The Republic Day Parade Ceremony commenced with Prime Minister Narendra Modi leading the nation in paying homage to the martyrs by laying a wreath at the Amar Jawan Jyoti under India Gate. An eternal flame burns at the Amar Jawan Jyoti to commemorate the indomitable courage of our Armed Forces personnel who have made the supreme sacrifice in the service of the motherland. It is symbolised by a reversed rifle standing on its barrel and crested by a soldier’s helmet.
This year veterans of Indian National Army (INA) who fought valiantly against the imperial forces also took part in the Parade. They were Parmanand, Lalti Ram, Hira Singh and Bhagmal.
The first contingent in the uniform was of the erstwhile Gwalior Lancers is 61 Cavalry led by Major Apurva Dabhade. The 61 Cavalry is the only active serving horse Cavalry Regiment in the world. The Regiment was raised on 01 August 1953, with the amalgamation of six State Forces’ Cavalry Units.
Main Battle Tank of the Indian Army, T- 90 Bhishma, Infantry Combat Vehicle (ICV) Ballway Machine Pikate (BMP-II/IIK), Surface Mine Clearing System (SMCS), K-9 Vajra-T, M 777 A2 Ultra Light Howitzer (ULH), Transportable Satellite Terminal (TST), Akash weapon system, were the main draw in the mechanised columns.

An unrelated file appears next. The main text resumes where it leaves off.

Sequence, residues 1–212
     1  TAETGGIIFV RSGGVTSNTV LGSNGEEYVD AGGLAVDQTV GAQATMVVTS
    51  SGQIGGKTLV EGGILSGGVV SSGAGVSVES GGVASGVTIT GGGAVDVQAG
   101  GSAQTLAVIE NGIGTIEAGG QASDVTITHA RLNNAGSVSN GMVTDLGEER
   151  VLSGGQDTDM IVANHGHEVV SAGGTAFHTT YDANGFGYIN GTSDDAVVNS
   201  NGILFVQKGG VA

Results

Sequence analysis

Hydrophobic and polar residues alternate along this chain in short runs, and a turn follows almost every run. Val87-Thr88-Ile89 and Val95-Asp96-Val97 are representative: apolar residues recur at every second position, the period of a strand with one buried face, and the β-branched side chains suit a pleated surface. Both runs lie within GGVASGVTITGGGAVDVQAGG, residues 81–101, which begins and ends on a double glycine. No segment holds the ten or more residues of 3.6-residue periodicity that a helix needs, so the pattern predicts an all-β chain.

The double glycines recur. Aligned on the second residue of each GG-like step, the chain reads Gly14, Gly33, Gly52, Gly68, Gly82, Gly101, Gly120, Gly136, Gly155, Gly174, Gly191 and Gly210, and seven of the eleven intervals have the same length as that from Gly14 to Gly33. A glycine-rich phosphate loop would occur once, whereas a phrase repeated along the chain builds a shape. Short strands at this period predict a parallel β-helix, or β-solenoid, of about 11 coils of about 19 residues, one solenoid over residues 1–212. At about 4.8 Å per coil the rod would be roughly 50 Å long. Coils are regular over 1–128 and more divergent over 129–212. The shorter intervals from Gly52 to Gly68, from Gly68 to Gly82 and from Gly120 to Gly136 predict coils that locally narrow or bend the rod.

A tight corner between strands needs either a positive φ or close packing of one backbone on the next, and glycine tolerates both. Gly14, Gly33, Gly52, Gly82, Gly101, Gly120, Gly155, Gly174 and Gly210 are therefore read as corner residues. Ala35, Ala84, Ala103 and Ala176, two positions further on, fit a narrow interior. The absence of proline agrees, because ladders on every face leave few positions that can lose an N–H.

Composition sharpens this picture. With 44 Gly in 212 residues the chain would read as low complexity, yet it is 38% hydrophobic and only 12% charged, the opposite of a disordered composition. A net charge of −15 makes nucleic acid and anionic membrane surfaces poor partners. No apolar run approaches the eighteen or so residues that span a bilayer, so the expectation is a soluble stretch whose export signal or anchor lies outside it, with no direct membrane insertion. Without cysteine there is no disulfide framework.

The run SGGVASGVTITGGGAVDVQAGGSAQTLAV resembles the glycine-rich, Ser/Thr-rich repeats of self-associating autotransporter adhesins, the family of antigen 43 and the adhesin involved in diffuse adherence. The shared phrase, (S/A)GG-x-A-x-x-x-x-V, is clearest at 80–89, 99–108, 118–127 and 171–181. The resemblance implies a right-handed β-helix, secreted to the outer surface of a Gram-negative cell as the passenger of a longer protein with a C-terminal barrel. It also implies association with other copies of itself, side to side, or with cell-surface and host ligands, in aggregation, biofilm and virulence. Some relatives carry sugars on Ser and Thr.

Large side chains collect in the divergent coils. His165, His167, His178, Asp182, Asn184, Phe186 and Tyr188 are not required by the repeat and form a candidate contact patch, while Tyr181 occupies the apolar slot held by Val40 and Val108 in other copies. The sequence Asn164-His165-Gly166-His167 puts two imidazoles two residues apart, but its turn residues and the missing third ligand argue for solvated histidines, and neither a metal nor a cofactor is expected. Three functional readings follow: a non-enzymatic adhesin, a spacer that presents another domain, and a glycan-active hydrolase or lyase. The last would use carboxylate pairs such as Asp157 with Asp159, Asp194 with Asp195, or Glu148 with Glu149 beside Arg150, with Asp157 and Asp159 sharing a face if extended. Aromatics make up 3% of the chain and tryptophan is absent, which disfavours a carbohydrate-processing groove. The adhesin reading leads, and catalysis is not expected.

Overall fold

The other marching contingents of the Army to included the Madras Regiment, the Rajputana Rifles, the Sikh Regiment, the Gorkha Brigade, the Army Service Corps, , the 102 Infantry Battalion (Territorial Army) Punjab followed by the the Veterans’ Tableau, which marked recognition and respect to the soldier’s selfless service to the nation. It showcased the theme, ‘Veterans: Accelerators in Nation’s Growth’. The Combined Band of the Sikh Light Infantry, Mahar Regimental Centre and Ladakh Scouts played the tune ‘Shankhnaad’ for the first time in the Parade.